QUITO, Ecuador — In most schools in Ecuador teachers conduct classes in Spanish, the country’s primary language. In recent years, however, American universities have collaborated with rural communities in Ecuador to promote bilingual education programs.
The universities, including New Mexico State University, Kansas State University, University of Kentucky, Valparaiso University and University of Mississippi, created programs to provide Ecuadorian teachers with English language skills. In an April 24, 2014 article KRWG reported that New Mexico State University trained 50 Ecuadorean teachers to teach English throughout 2013 in an attempt to reform education in Ecuador.
The universities modeled their programs on the Ecuadorian government’s initiatives to improve education in Ecuador. As business increased between Ecuador and North America in the 1980s, English became a secondary language among business professionals. The government encouraged teachers to conduct lessons in English and Spanish. As a result, many private schools adapted a bilingual curriculum. These schools, however, have high tuition rates and are located in major cities, rendering them inaccessible for the majority of children. Therefore, quality programs that promote bilingual education in rural areas remain in demand to reform education in Ecuador.
Both the government and the universities hope that a bilingual approach in schools will help students in rural communities excel economically in the future. According to Free the Children, an international education charity, over 300,000 children work in Ecuador rather than attend school. Many of these children do not have access to education in their communities and therefore, attend work with their parents.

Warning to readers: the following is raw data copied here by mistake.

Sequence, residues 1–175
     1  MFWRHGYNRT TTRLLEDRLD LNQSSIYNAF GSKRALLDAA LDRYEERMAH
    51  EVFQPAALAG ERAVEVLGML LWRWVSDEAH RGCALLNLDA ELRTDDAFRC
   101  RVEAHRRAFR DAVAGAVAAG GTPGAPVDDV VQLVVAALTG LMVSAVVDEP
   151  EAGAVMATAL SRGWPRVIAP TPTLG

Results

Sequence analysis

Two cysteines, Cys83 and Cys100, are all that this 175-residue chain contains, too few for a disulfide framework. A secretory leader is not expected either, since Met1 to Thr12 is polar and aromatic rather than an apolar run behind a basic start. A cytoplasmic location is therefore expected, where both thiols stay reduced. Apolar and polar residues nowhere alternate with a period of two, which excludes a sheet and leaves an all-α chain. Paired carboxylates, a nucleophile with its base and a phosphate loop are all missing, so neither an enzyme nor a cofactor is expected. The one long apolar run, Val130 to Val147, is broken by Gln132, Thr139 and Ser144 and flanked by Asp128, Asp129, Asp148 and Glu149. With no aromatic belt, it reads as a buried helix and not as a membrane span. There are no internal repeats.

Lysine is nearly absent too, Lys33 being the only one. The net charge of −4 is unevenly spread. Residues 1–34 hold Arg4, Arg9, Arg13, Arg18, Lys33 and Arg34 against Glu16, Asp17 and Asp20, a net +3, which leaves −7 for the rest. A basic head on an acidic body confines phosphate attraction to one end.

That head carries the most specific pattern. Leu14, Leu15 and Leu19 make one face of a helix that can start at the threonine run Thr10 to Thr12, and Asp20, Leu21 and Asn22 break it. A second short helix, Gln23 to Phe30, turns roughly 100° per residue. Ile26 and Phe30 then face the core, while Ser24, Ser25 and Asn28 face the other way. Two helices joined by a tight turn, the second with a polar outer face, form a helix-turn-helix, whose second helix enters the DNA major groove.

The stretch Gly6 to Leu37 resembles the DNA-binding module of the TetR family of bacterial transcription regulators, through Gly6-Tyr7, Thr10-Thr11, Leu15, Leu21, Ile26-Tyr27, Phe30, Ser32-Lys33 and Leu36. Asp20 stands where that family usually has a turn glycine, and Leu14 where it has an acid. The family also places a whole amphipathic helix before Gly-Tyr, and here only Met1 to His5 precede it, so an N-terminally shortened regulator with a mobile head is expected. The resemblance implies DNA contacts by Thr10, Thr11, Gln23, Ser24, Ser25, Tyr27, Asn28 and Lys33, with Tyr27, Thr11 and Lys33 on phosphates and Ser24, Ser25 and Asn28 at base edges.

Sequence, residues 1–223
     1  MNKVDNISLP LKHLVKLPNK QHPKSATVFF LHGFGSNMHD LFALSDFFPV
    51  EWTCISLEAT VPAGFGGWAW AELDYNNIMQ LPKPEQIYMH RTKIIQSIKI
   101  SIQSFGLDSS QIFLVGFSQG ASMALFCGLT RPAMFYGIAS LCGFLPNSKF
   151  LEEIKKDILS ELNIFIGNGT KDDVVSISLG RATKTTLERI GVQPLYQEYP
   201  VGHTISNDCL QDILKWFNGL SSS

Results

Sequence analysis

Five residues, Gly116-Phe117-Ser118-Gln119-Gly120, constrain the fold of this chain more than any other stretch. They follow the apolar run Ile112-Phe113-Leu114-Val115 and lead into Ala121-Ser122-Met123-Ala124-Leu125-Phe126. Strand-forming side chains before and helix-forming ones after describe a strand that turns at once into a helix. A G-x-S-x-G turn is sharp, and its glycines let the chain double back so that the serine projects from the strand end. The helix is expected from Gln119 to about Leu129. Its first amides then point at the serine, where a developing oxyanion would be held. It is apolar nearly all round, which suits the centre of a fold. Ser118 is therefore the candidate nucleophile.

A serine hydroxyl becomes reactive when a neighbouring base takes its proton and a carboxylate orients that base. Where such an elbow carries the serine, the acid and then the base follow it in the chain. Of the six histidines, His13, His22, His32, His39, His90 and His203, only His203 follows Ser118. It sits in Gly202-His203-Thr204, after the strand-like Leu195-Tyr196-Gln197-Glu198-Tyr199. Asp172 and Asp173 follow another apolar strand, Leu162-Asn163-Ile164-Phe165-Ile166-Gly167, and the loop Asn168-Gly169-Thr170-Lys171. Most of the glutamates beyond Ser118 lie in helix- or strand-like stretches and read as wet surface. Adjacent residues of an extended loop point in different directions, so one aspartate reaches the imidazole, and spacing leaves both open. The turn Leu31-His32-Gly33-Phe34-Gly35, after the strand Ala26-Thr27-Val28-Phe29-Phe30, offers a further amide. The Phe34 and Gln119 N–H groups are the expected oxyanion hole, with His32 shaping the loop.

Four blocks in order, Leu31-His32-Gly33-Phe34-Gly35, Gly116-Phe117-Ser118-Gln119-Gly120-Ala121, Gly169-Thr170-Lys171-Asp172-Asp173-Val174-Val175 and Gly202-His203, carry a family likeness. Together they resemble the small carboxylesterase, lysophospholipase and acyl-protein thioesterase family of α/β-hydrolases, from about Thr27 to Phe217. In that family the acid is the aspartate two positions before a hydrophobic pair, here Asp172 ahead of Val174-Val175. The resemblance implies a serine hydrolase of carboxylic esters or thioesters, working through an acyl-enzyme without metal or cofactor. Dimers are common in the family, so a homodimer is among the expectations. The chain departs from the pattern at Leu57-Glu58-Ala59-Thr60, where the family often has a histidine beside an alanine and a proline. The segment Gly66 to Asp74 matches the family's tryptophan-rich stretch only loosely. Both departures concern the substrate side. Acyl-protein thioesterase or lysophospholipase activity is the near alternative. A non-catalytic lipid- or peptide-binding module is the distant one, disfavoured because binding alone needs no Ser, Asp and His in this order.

In 2013, the Ecuadorean government funded Go Teacher, a program created to teach Ecuadorian teachers the English language. According to Kansas State University, the Go Teacher program then “sub-contracted with several qualified institutions to offer Ecuadorian teaching scholars quality English language development and pedagogical strategies in Teaching English as a Second Language (TESL).”
A University of Mississippi News article depicts the program’s structure, explaining that Ecuadorian teachers attended American universities during the summer to learn English. During the school year, the teachers return with their English skills to Ecuador. According to KRWG radio, the program has proven successful in improving bilingual education in Ecuador and in 2014, the universities hosted their third group of Ecuadorian teachers. As 27.3% of Ecuador’s population lives below the poverty line, education opportunities that expand future career paths have the potential to reform Ecuador’s economy.